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|May 22, 1999||
And so, after those terrible 'comeback' films, Mrityudaata and Lal Badshah, he's proved that it may be human to err, but it takes someone a little greater to grab his luck by the scruff of its neck and turn it around.
Sooryavansham proves the critics wrong, Amitabh right. It makes you certain that he'd never lost his touch, only that he'd landed roles that no one could do justice to, that it would be an ass of a producer who did not know that he'd come good in a big way sometime. In fact, Sooryavansham makes you an Amitabh fan all over again.
The story, we must admit, is still cliched, dwelling on the father-son conflict rendered famous by films like Shakti, Trishul and Aakhri Raasta. Amitabh plays both father Thakur Bhanupratap Singh and illiterate son Hira. The thakur has scant respect for his son and shows it. The meek and obedient son makes no protest.
That's the difference between earlier Amitabh films about the father-son divide and this one -- there the sons rebelled against the parent's demand for conformity; in Sooryavansham the son feels he can't measure up to what his father expects of him. He doesn't rebel, just blames himself for the pain caused to his family and is rendered passive due to his terror of the consequences of action.
Then Radha (Soundarya), falls in love with Hira and proposes marriage. He accepts, and that annoys enrages the thakur so much that he tosses the couple out of the house.
The characters have been presented very well. That there are conflicts is evident, but there are no lengthy dialogues between the two protagonists. While the father is introduced a bit dramatically, the son ambles in in one frame and he's hardly given much attention.
The father's role is closer to stereotype -- he is shown as being unbending, unwilling to listen to reason. Even his other children think twice about protecting the one he's dubbed the black sheep.
And the son? He's subdued and sober and most willing to listen to anything his father had to say, except on the issue of his marriage. Despite his father-is-god attitude, he avoids being exasperating, only inducing in you a degree of pity.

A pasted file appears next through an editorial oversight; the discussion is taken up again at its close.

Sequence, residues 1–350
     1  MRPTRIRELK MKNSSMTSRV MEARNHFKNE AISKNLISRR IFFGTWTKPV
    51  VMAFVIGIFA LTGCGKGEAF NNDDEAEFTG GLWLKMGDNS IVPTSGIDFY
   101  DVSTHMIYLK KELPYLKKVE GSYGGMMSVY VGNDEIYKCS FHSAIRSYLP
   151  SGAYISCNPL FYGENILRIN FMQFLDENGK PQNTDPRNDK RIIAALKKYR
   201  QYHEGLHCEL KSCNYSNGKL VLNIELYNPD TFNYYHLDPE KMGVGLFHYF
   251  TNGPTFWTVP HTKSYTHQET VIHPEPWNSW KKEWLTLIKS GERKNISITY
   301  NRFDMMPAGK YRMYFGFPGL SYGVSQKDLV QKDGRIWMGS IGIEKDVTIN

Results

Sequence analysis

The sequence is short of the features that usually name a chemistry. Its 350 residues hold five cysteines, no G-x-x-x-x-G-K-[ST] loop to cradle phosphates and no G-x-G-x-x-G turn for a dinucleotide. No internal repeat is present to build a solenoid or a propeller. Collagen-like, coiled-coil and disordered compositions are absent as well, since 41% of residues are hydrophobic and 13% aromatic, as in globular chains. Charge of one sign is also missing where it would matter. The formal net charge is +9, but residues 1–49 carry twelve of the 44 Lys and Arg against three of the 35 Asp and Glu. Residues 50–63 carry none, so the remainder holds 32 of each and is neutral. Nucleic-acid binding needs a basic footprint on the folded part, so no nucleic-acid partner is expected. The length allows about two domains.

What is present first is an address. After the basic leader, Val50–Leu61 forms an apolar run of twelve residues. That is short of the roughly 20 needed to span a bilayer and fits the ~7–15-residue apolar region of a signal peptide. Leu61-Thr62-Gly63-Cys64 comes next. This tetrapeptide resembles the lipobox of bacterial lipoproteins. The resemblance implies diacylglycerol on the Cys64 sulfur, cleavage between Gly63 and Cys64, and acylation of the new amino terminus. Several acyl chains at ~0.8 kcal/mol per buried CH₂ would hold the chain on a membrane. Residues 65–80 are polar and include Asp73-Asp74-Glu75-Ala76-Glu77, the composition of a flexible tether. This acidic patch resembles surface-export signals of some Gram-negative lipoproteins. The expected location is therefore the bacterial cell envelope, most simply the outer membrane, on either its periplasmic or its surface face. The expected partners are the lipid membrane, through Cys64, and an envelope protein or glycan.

So his parents and brothers don't tell him that his only sister is being married off. He doesn't mind that. Similarly he doesn't hesitate when the heroine, who doesn't know him at the time, asks him to iron some of her clothes. His hesitation and helplessness are evident, as is his unwillingness to annoy his father. The weak man's vulnerability is captured very well.
Amitabh is very understated as both characters. The voice is deeper for the older man, and it's a bit reminiscent of Agneepath. There are only two fight sequences, both rather cliched. Thankfully, the younger man doesn't have to go through the dance, fight and romance sequences.
Though his age is evident in some scenes, Amitabh still manages to make you ignore it most of the time, the role being as sober as it is. He manages to look right for the heroine.
There are only four songs in the film, of which one is repeated thrice, another twice. They are all a little superfluous.
Thankfully, the father-son conflict is bereft of tired rhetoric. This is no Shakti where father Dilip Kumar and son Amitabh discuss their personal philosophies in detail to underline their differences.
Sooryavansham is a remake of a South Indian film of the same name. Sharat Kumar played the patriarch and his son in the Tamil version. That was a huge hit. The Hindi remake is faithful enough to retain the southern flavour, these including huge ornate sets, commodious bungalows and a good many melodramatic situations.
Sooryavansham is a reminder that Amitabh Bachchan is not yet material for coffee table historians. All those who have been demanding his retirement could spend their time watching Sooryavansham. It should be a rewarding experience.
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